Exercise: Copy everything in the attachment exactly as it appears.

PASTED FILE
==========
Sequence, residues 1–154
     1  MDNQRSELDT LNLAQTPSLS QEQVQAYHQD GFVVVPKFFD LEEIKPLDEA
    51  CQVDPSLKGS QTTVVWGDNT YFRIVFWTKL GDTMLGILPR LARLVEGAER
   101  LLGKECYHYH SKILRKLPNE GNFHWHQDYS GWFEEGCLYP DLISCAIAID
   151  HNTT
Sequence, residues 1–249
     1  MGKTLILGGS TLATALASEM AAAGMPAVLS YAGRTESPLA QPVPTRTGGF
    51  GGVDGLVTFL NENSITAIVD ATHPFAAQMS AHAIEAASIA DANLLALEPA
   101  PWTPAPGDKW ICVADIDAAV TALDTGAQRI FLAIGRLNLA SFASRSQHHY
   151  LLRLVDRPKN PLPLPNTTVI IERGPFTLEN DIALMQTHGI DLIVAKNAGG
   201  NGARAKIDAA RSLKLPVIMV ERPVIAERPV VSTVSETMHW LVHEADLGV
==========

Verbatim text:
Sequence, residues 1–154
     1  MDNQRSELDT LNLAQTPSLS QEQVQAYHQD GFVVVPKFFD LEEIKPLDEA
    51  CQVDPSLKGS QTTVVWGDNT YFRIVFWTKL GDTMLGILPR LARLVEGAER
   101  LLGKECYHYH SKILRKLPNE GNFHWHQDYS GWFEEGCLYP DLISCAIAID
   151  HNTT
Sequence, residues 1–249
     1  MGKTLILGGS TLATALASEM AAAGMPAVLS YAGRTESPLA QPVPTRTGGF
    51  GGVDGLVTFL NENSITAIVD ATHPFAAQMS AHAIEAASIA DANLLALEPA
   101  PWTPAPGDKW ICVADIDAAV TALDTGAQRI FLAIGRLNLA SFASRSQHHY
   151  LLRLVDRPKN PLPLPNTTVI IERGPFTLEN DIALMQTHGI DLIVAKNAGG
   201  NGARAKIDAA RSLKLPVIMV ERPVIAERPV VSTVSETMHW LVHEADLGV